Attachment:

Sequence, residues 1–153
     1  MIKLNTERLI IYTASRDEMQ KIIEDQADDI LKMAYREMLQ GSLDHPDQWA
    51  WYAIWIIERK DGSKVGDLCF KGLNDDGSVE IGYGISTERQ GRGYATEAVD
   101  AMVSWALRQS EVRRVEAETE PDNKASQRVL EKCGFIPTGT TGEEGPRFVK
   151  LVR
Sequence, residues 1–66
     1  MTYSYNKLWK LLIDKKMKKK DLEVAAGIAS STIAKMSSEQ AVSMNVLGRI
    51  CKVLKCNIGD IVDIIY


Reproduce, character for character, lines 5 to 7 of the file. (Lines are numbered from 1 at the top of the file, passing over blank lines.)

   151  LVR
Sequence, residues 1–66
     1  MTYSYNKLWK LLIDKKMKKK DLEVAAGIAS STIAKMSSEQ AVSMNVLGRI